The U.S. Court of Appeals here yesterday ordered the Nuclear Regulatory Commission to keep the undamaged reactor at Three Mile Island shut down until it studies the effect a restart would have on the mental health of people in the area.

The 2-to-1 decision is a major setback for the financially strapped Metropolitan Edison Co., which owns the Pennsylvania power plant, and for the nuclear industry, which sees the case as precedent-setting. The citizens' group that brought the suit, People Against Nuclear Energy (PANE) of Middletown, Pa., was exuberant.

"We can't wait to see the ruling and really believe it's true," said PANE board member James B. Hurst. "It means it's time to stop talking about psychological stress around here and to start dealing with it."

The ruling overturned an NRC verdict early last year, which was reaffirmed this fall, that psychological effects did not have to be considered in its pending decision on whether to allow the undamaged Unit One reactor to start up. NRC must now conduct an "environmental assessment" of restart effects on "the psychological health of neighboring residents and on the well-being of surrounding communities."

The NRC must then determine whether the National Environmental Policy Act requires a more detailed environmental impact statement, which would include public hearings on the effects of a restart, the court said. The NRC may not decide on reopening the plant until that is done, it added.

In a strong dissent, Judge Malcolm R. Wilkey said the court order set up psychological stress as "an 'impact' which has never before been considered as covered by NEPA." He said it was "yet another example of a court inventing new procedural requirements for an administrative agency in a manner which has enormous substantive consequences."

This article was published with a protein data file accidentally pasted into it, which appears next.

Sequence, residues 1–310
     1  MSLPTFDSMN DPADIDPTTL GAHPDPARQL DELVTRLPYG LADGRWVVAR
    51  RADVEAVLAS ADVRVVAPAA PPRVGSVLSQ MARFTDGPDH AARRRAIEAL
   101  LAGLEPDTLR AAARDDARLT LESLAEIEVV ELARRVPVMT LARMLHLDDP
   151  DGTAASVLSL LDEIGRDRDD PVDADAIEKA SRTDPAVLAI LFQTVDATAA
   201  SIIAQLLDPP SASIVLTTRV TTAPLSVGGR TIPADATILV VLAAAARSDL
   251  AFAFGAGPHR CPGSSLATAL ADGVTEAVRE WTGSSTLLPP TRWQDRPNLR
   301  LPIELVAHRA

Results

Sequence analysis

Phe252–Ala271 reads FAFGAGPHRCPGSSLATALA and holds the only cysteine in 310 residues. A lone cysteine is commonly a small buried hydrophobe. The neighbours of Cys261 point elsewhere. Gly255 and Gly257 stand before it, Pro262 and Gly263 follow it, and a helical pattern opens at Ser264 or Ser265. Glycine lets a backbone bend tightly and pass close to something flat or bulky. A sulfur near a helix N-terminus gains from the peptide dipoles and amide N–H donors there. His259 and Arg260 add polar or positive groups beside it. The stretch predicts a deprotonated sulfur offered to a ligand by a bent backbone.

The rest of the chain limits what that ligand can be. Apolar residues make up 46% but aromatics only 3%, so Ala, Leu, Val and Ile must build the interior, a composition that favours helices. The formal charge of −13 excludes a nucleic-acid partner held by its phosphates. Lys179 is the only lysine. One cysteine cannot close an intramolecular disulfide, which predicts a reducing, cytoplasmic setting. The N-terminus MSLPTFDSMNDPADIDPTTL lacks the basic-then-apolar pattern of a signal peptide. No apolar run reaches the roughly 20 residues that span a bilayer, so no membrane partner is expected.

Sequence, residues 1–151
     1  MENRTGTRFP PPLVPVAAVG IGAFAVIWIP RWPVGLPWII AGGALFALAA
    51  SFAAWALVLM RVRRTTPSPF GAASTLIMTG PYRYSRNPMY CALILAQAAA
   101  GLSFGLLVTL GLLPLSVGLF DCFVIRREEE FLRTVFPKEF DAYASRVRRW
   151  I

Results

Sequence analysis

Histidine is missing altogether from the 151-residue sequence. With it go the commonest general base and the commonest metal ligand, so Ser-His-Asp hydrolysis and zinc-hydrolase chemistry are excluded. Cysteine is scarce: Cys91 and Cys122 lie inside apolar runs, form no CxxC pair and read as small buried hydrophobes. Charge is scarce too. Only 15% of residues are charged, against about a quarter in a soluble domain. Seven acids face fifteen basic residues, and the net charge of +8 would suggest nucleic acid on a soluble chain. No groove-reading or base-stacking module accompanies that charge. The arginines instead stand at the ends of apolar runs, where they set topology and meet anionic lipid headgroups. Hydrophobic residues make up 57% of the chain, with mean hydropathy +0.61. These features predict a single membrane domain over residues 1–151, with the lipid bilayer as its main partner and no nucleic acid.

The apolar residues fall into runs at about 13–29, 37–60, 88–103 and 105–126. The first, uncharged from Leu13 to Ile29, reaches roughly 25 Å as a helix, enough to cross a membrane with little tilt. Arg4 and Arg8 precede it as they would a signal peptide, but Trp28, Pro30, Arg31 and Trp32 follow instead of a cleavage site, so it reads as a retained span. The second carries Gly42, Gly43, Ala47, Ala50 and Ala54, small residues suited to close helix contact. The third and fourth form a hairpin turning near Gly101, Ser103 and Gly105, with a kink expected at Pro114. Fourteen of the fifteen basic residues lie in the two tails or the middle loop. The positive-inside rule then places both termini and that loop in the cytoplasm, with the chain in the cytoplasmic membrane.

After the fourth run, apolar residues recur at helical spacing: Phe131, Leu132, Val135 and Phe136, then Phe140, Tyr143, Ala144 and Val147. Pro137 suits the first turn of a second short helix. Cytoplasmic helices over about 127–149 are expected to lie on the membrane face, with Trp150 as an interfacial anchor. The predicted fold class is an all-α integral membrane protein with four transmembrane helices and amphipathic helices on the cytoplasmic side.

While the assessment continues, he said, the TMI neighborhood will get no service from the plant, and "it will be a colder winter than predicted."

Unit One was ready to begin operations the day the adjacent Unit Two overheated, on March 28, 1979, spreading radiation over the area, and has been closed ever since for design changes.

But Met Ed said it feared bankruptcy if it is not allowed to restart Unit One soon and apply the revenues toward cleaning up Unit Two. Issues of structural strength, managerial competence and operator test cheating have been pending, but the NRC had been expected to allow the restart within the next few weeks. Yesterday's decision could delay that several more months.

PANE argued that psychological factors should be included in the Atomic Energy Act's requirement that public "health and safety" must be considered in authorizing nuclear power plant operation.